Homework Help: Force on a charge on magnetic field

1. Apr 14, 2012

Genericcoder

Hi guys,

I am solving some magnetism questions,but somewhat confused about right hand rule.

Determine the magnitude and direction of the force on an electron traveling 8.75 * 10^5 m/s horizontally to the east in vertically upward magnetic field of strnegth 0.75T?

We know since this is perpindcular to the magnetic field it will have maximum since sin(90) would be 1,so we can calculate the the force easily.

F = qVBsin;
F = 1.05;

What I don't understand is the direction first I did normally right hand rule,but since that charge is an electron it should be the opposite to what right hand rule gives us.

So I got the direction as South,but my book says west that should be the direction on a given proton not electron right ?

2. Apr 14, 2012

ehild

You can visualize the direction of the force if you imagine that you rotate v into B (by the angle less than pi). The force points to that direction from where the rotation looks anti-clockwise. To the South for a proton, opposite for the electron, too North. You did something wrong with the right-hand rule. F=q vxB (vector product).

ehild

Attached Files:

• Lorentz.JPG
File size:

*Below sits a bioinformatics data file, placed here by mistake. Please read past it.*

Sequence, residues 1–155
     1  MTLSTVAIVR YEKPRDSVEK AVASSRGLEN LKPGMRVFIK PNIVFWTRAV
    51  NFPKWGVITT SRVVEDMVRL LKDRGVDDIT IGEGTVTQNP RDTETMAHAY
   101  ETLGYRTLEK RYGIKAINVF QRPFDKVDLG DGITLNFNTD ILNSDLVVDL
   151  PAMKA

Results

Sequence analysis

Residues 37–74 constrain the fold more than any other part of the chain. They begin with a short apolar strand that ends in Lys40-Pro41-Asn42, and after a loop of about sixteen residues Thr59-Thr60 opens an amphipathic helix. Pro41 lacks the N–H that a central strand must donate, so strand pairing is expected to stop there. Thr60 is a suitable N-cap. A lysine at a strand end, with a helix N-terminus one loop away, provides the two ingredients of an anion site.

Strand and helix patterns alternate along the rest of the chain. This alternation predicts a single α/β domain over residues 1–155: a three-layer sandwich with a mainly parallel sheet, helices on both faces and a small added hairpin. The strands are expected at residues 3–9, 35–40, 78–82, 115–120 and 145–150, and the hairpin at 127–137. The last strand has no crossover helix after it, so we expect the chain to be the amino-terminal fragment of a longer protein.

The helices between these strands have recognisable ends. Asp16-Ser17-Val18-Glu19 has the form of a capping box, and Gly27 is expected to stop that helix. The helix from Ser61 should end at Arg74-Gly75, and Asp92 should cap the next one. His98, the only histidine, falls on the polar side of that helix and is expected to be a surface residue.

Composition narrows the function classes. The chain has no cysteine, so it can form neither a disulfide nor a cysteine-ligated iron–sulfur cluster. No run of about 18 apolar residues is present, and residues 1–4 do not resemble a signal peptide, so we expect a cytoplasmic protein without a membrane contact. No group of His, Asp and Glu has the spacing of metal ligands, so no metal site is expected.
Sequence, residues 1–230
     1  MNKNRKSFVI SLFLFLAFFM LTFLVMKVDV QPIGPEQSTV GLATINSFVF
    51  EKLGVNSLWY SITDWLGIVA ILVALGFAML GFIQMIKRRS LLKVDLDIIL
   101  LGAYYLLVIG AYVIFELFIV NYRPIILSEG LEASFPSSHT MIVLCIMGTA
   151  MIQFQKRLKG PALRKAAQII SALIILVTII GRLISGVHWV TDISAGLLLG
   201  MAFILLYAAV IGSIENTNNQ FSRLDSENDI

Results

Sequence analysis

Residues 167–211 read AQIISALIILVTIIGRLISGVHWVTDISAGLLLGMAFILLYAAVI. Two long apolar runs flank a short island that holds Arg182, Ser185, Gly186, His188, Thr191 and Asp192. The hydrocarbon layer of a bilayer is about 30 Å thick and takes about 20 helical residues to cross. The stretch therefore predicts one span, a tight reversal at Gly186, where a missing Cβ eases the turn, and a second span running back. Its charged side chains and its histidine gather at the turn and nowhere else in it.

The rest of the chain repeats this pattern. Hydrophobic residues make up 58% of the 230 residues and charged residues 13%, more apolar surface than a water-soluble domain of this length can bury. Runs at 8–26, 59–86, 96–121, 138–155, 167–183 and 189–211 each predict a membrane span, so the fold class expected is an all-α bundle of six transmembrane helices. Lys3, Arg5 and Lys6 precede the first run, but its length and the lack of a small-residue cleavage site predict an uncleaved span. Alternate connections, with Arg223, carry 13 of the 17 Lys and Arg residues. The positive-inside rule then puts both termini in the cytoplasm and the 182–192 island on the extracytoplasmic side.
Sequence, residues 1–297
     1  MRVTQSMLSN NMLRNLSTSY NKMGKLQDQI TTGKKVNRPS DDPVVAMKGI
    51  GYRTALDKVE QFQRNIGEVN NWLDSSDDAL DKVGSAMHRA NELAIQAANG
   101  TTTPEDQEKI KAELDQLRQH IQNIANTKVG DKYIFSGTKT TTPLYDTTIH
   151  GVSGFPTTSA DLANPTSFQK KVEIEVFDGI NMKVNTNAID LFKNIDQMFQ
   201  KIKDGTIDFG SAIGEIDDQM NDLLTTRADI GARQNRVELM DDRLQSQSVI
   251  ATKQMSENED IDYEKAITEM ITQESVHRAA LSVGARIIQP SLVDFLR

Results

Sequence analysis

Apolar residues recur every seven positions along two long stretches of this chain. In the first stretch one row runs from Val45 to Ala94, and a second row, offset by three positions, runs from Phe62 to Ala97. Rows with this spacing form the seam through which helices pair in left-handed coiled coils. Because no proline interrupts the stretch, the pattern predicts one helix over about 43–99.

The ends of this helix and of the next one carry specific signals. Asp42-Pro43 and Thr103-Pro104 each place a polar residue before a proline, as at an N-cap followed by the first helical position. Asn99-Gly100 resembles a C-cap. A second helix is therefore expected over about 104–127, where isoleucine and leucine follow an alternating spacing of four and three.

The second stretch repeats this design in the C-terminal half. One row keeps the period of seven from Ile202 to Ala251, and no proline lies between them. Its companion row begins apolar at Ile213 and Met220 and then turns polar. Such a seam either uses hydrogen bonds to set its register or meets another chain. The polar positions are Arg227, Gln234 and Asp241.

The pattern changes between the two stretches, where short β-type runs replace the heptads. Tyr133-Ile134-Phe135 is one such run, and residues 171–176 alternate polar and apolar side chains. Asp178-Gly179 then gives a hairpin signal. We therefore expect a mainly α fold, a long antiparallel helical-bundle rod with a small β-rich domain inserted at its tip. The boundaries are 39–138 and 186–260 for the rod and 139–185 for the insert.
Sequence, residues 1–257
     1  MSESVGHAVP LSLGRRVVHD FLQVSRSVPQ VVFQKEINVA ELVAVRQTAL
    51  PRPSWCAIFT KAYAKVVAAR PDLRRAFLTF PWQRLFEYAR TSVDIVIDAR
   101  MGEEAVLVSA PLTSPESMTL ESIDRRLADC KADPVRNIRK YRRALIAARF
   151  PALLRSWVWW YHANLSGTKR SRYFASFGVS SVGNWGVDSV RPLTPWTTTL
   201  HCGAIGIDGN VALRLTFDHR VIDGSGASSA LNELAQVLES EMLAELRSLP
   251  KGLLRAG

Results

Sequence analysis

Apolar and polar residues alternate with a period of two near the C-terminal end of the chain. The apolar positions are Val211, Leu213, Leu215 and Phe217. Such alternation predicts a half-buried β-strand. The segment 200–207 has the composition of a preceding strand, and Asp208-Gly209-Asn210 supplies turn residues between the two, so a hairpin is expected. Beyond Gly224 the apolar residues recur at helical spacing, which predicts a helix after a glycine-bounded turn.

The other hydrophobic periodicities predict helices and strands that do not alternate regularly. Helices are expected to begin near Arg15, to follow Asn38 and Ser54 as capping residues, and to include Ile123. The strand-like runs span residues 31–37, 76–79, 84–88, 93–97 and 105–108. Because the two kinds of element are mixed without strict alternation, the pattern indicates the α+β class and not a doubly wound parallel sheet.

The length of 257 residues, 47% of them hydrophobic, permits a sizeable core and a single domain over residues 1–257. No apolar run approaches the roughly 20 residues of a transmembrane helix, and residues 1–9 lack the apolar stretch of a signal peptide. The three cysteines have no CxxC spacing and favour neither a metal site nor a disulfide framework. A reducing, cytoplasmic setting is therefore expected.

3.9 KB
Views:
262
3. Apr 14, 2012

Genericcoder

I see I just rechecked I orientated by hand wrong that's why I got wrong answer :S.
Is their a way to check if I got my answer correctly mathematically ?

4. Apr 14, 2012

ehild

You can find the force from the components of v and B. Do you know the determinant method for calculating a vector product?

ehild

5. Apr 14, 2012

Genericcoder

6. Apr 14, 2012

ehild

The determinant only makes easier to memorize cross product. (See for example http://mathworld.wolfram.com/CrossProduct.html).

You certainly know that

$\vec a\times \vec b=(a_yb_z-a_zb_y) \vec i+(a_zb_x-a_xb_z) \vec j+(a_xb_y-a_yb_x) \vec k$.

The force is $\vec F= q\left[\vec v \times \vec B\right]$. If the x axis points to East, the y axis points to North and the z axis point upward, $\vec v=v \vec i$ and $\vec B=B \vec k$, and $\vec F=q v \vec i\times B \vec k=-qvB \vec j$.

ehild

7. Apr 14, 2012

Genericcoder

I see thanks alot :).